Ahead of COP26 in November 2021, the interfaith initiative Make COP Count gathered faith leaders and
parliamentarians together to explore the role of faith communities in
encouraging an ambitious and effective climate summit, in partnership with the
all-party parliamentary groups (APPG) on Climate Change and the APPG on Faith and
Members of Parliament, Peers and faith representatives explored faith’s key priorities, listened to lived experience of global communities on the front line of the crisis and focused on next steps, including the need for action on loss and damage financing.
Top 5 things we learnt…
1. Faith groups have a history of driving political change, and can build on this to challenge the climate crisis.
Hon Stephen Timms MP, the Chair of the APPG on Faith and Society, pointed to the
rich history of campaigns such as Make Poverty History and the Jubilee Debt campaign
to remind us that faith groups have used their power to build political
consensus for change in the past, and can do this again for radical climate
2. Faith groups share key values that underpin their push for climate justice.
Jagbir Jhutti-Johal, Trustee of Faith for the Climate, highlighted that different
faiths groups all share the core values of equality, fairness, compassion and
justice, a key part of the reason that across the world they have been some of
the first to recognise and act on the seriousness of climate breakdown.
3. Loss and damage financing is more needed than ever as other avenues of supporting communities impacted by climate breakdown become less feasible.
Mazid Khan Siddique, Head of Climate Justice and Natural Resource Rights at
Oxfam in Bangladesh, explained that severe flooding is forcing Bangladeshis to
flee to Europe as previously feasible adaption strategies such as climate risk
insurance are no longer financially viable. He informed us that commitments on
loss and damage at COP26 would be a major step to prevent this.
4. Faith groups should prioritise amplifying the stories of frontline communities impacted by climate breakdown.
Quity, Project Coordinator of PACCCIL at Oxfam in the Solomon Islands,
explained that for many Solomon Islanders, tropical cyclones and rising seas
have destroyed their homes and forced them to relocate, in the process destroying
aspects of their culture, traditions and livelihoods. He urged faith groups to prioritise amplifying
the voices of the communities most affected by climate breakdown, such as Solomon
Islanders experiencing displacement, to ensure that those most affected are
involved in the design of new loss and damage mechanisms.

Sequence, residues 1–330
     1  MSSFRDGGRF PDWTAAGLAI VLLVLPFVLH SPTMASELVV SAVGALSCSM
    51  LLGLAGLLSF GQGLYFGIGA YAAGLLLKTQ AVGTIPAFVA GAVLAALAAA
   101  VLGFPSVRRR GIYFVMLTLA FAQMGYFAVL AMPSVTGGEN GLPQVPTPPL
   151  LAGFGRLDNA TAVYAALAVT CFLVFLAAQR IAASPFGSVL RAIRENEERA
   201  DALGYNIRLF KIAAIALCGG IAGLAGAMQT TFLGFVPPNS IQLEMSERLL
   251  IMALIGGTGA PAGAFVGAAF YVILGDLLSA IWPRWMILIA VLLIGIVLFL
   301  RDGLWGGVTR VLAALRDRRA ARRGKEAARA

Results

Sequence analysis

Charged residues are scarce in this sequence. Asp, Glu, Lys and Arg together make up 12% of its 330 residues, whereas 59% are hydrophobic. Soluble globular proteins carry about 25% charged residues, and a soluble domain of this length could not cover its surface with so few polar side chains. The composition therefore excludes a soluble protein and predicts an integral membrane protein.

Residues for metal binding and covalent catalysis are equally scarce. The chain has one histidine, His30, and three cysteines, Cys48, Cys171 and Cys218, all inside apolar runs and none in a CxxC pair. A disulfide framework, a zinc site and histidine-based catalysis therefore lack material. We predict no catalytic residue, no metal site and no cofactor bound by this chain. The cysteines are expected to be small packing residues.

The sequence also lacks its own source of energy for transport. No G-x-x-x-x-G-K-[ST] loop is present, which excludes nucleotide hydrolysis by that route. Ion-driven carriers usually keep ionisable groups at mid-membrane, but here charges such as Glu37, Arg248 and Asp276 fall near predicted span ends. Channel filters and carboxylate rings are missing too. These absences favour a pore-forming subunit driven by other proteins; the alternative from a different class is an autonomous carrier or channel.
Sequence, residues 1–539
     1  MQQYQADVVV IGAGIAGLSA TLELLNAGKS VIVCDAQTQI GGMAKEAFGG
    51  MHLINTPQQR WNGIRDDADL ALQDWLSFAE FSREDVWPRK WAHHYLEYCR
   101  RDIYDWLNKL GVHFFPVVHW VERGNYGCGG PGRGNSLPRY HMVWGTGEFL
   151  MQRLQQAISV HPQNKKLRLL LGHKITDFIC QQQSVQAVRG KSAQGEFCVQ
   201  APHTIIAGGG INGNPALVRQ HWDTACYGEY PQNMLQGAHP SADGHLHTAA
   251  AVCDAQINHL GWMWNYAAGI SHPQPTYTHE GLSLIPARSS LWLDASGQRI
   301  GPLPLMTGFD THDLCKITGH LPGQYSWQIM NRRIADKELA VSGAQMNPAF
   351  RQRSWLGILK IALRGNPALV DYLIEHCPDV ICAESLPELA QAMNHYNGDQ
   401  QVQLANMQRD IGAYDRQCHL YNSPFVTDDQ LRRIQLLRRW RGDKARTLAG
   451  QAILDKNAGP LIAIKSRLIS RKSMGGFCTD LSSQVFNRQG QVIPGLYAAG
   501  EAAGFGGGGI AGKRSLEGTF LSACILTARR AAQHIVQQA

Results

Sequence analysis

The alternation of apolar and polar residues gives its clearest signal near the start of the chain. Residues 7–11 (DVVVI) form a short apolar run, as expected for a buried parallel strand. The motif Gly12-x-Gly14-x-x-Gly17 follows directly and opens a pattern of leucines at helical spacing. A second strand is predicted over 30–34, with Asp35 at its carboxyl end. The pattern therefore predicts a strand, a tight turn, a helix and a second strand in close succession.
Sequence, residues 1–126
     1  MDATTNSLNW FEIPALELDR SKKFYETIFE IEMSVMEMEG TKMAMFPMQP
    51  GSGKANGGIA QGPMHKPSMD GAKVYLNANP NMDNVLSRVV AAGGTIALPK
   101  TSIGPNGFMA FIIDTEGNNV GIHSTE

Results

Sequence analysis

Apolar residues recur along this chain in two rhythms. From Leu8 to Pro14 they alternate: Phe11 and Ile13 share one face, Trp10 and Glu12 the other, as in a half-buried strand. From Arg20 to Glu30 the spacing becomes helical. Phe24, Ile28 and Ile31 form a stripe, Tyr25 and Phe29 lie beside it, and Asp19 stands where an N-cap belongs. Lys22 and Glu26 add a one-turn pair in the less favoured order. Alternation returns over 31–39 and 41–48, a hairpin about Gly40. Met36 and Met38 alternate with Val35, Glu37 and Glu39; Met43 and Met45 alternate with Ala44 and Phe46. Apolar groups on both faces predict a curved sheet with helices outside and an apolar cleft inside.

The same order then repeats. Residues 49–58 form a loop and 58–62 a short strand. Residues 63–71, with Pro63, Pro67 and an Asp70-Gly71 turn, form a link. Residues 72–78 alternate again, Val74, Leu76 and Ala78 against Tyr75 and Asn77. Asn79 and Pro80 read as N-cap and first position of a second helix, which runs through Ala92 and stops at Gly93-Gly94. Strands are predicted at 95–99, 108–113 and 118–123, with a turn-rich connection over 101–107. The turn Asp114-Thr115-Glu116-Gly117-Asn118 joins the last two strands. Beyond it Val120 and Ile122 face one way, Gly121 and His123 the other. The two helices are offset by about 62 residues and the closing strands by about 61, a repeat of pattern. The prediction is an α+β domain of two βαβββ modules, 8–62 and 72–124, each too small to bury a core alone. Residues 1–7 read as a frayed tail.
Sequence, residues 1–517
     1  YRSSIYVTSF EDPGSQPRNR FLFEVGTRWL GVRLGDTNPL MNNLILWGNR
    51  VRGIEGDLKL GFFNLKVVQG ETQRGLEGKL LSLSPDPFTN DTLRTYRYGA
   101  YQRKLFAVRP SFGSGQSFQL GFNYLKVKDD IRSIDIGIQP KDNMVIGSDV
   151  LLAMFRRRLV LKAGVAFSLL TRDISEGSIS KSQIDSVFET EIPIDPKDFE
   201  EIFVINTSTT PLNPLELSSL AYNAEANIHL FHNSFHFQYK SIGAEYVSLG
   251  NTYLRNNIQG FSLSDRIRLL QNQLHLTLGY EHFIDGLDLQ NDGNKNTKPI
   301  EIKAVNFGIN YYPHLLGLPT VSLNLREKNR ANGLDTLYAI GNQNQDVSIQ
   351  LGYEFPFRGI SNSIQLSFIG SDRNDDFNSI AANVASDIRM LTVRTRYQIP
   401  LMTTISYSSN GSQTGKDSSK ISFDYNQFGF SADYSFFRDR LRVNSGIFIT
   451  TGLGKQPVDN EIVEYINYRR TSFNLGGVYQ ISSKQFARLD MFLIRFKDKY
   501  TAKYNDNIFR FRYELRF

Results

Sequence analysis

5. Faith groups and Parliamentarians need to keep working together to campaign for action on loss and damage.
Caroline Lucas, MP and Chair of the APPG on Climate Change, reiterated the
importance of delivery on loss and damage, arguing it needs additional finance
rather than adaption or mitigation. She urged faith groups to continue to
pressure Parliamentarians for action on this, and encouraged MPs to continue to
work closely with faith groups.
How can we be part of Make COP count ahead of COP26?
The Make COP Count coalition is a network of representatives
from faith communities with a shared focus on advocacy, hospitality and
consciousness-raising ahead of COP26. Together we hold a common belief that the
global response to the climate crisis has to be rooted in justice and human
rights, with loss and damage action as an essential element of this.
Alongside JPIT, a variety of faith groups are represented
within Make COP Count, including the Church of England, Eco Congregation
Scotland, the Eco Dharma Network, Eco-Sikh UK, Eco Synagogue, Faith for the
Climate, Fellowship of Reconciliation, Hindu Climate Action, Islamic Relief UK
and Quakers in Britain.
Make COP Count has two key priorities for COP26: ending
fossil fuel subsidies and establishing a new finance facility for loss and
damage. Loss and damage refers to the impact that climate breakdown is having
on people right now. It includes the loss of lives, livelihoods, homes,
cultures, traditions and habitats.
To find out more about Make COP Count, why not have a look
at their website – makecopcount.org. or email them at firstname.lastname@example.org.
As Christians, we believe that care for God’s creation is a
central call of our faith. By joining together with other Christians alongside
wider faith groups, we can call for change that improves the lives of our
neighbours, be they nearby or far away.
A prayer ahead of COP26 –
Thank you for the world you have made,
where there is space and resource for each of us to flourish if we learn to share well.
Help us love our neighbours,
wherever they may call home.
We lift up to you our world leaders as COP26 approaches,
and ask you give them guidance to make wise choices and ambitious commitments.
Thank you for the ways your Church has fought for those most affected by the climate crisis,
embolden us to call for change with their needs at heart.
We pray for more of your kingdom to come,
where there is justice for all.
COP26 is the 26th annual UN Climate Change Conference, the UNFCCC (United Nations Framework Convention on Climate Change). It’s going to be held in Glasgow, Scotland this November. To find out more about COP26 and JPIT’s work on it, look here.